Psychoanalysis considers the human being not as an object of treatment, but as a subject who is called upon to elaborate an unconscious knowledge about what is disrupting her life, through analysis of dreams, symptoms, bungled actions, slips of the tongue, and repetitive behaviors. Freud finds that these apparently irrational acts and behaviors are ordered by the logic of the fantasy, which provides a mental representation of a traumatic childhood experience and the effects it unleashes in the mind and body—effects he called drives. As "unbound" energies, the drives give rise to symptoms, repetitive acts, and fantasmatic stagings that menace our health and sometimes threaten social coexistence, but that also give rise to the desires, creative acts, and social projects we identify as the essence of human life. Readings will include fundamental texts on the unconscious, repression, fantasy, and the death drive, as well as case studies and speculative essays on mythology, art, religion, and group psychology. Students will be asked to keep a dream journal and to work on their unconscious formations, and will have the chance to produce creative projects as well as analytic essays.

(also COML 3541, ENGL 3920, GOVT 3636) (LA-AS)
4 credits.        
        TR 11:40-12:55, P. Fleming
This course introduces students to Critical Theory, beginning with its roots in the 19th century (i.e., Kant, Hegel, Marx, and Nietzsche) and then focusing on its most prominent manifestation in the 20th century, the Frankfurt School (e.g., Kracauer, Adorno, Benjamin, Horkheimer, Marcuse), particularly in its engagement with society and literature (e.g. Brecht, Kafka, and Beckett). Established in 1920s at the Institute for Social Research, the assorted circle of scholars comprising the Frankfurt School played a pivotal role in the intellectual developments of post-war American and European political and aesthetic theory. Often known simply as "Critical Theory," their key works cover a vast array of intellectual, political, economic, and artistic concerns, from the dialectic of enlightenment to commentaries on popular culture, high art, commodity fetishism, and mass society. This introduction to the programmatic statements and eclectic reflections of various scholars will highlight the diverse historical influences, collaborative efforts, and internecine debates that shaped the intellectual tradition across continents and generations.

4 credits.  This is a lecture course but there will be plenty of time for discussion. 
        MW 2:55-4:10pm, G. Waite
        Film Screening, M 6:30pm
This is an introduction to the three 'master thinkers' who have helped determine the discourses of modernity and post-modernity. We consider basic aspects of their work: (a) specific critical and historical analyses; (b) theoretical and methodological writings; (c) programs and manifestos; and (d) styles of argumentation, documentation, and persuasion. This also entails an introduction, for non-specialists, to essential problems of political economy, continental philosophy, psychology, and literary and cultural criticism. Second, we compare the underlying assumptions and the interpretive yields of the various disciplines and practices founded by Marx, Nietzsche, and Freud: historical materialism and communism, existentialism and power-knowledge analysis, and psychoanalysis, respectively. We also consider how these three writers have been fused into a single constellation, 'Marx-Nietzsche-Freud,' and how they have been interpreted by others, including L. Althusser, A. Badiou, A. Camus, H. Cixous, G. Deleuze, J. Derrida, M. Foucault, H.-G. Gadamer, M. Heidegger, L. Irigaray, K. Karatani, J. Lacan, P. Ricoeur, L. Strauss, S. Zizek.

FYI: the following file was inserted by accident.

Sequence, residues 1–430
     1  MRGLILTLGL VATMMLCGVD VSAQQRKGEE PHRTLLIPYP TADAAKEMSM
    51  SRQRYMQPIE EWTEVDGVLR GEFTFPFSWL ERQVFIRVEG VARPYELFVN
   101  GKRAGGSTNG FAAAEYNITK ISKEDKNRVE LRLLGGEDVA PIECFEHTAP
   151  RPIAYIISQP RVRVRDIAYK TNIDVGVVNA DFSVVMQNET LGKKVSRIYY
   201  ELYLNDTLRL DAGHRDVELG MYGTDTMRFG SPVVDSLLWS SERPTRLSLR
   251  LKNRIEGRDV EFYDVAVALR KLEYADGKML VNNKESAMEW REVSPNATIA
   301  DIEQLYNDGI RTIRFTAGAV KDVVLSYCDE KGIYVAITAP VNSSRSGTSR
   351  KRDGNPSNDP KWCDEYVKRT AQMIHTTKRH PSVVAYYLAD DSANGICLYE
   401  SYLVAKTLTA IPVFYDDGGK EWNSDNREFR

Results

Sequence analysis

1-4 credits each term.  Permission of instructor required.
        Hours to be arranged.  Staff.
Undergraduate student and faculty advisor to determine course of study and credit hours.

4 credits.  Permission of instructor required.
        Hours to be arranged.  Staff.
The Reading Course is administered by the director of the honors thesis.  It carries 4 hours credit, and may be counted towards the work required for the German Major.  The reading concentrates on a pre-determined topic or area. Students meet with their honors advisor about every two weeks throughout the term.  Substantial reading assignments are given, and occasional short essays are written.

4 credits.  Prerequisite: GERST 4530.  Permission of instructor required.
        Hours to be arranged.  Staff.
The thesis is to be written on a subject related to the work done in GERST 4530.A suggested length for the thesis is 50-60 pages.

Courses Taught in Dutch

4 credits.  Satisfies Option 1.  Prerequisite: DUTCH 1220 or equivalent.Department consent required for enrollment.This course is part of the Shared Course Initiative and will be taught from Columbia University using videoconferencing technology.
          MW 4:10-6:00pm, W. de Groot

In this course, the increased use of authentic texts will help you to expand your knowledge of Dutch culture and increase proficiency in the language. Discussions, compositions, reading articles, watching Dutch television and contact with native speakers will result in improved control of Dutch grammatical structures and vocabulary.After completing this course, you will have a solid basis to understand both spoken and written Dutch and will be well on your way to become fluent in the language.


4 credits. Satisfies Option 1. Permission of department required.  This course is part of the Shared Course Initiative and will be taught from Columbia University using videoconferencing technology.
          T 1:10-3:40, W. de Groot
This advanced course is centered around different aspects of Amsterdam. Each class focuses on a specific topic, such as Amsterdam as a cultural center and the country's capital, modes of transportation, architecture, immigration issues and history of Amsterdam. Students will read texts at home and discuss them in class; regularly read Amsterdam's newspaper Het Parool; watch short TV clips. At the end of each class, we will watch an episode of a popular Dutch TV show which has Amsterdam as its center; students will write a blog about each episode and design a wiki about Amsterdam. Attention will be paid to advanced grammar issues and vocabulary.